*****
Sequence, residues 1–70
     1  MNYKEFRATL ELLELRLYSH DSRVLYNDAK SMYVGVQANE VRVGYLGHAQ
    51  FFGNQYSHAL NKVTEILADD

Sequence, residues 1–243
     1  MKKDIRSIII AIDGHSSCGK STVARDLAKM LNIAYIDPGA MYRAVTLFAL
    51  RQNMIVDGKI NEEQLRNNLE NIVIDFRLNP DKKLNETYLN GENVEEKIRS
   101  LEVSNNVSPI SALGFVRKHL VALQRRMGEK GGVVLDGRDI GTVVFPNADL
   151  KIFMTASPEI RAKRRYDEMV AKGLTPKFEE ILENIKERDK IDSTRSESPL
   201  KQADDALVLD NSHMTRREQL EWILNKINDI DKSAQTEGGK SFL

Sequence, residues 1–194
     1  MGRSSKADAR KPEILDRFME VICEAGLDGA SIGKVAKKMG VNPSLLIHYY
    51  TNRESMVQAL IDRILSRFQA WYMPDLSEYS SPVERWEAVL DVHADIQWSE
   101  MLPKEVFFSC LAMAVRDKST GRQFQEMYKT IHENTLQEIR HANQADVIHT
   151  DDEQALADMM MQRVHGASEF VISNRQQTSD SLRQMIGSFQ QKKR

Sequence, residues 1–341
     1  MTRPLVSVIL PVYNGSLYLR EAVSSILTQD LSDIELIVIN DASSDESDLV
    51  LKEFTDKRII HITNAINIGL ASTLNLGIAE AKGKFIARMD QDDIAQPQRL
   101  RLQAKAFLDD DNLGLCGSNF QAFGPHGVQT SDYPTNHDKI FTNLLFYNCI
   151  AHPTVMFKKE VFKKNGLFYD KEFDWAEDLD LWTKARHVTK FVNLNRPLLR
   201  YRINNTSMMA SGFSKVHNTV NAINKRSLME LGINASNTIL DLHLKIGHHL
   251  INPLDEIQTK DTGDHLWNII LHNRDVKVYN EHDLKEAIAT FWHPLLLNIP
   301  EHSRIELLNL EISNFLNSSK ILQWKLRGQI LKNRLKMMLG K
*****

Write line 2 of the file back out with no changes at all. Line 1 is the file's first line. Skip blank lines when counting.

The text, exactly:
     1  MNYKEFRATL ELLELRLYSH DSRVLYNDAK SMYVGVQANE VRVGYLGHAQ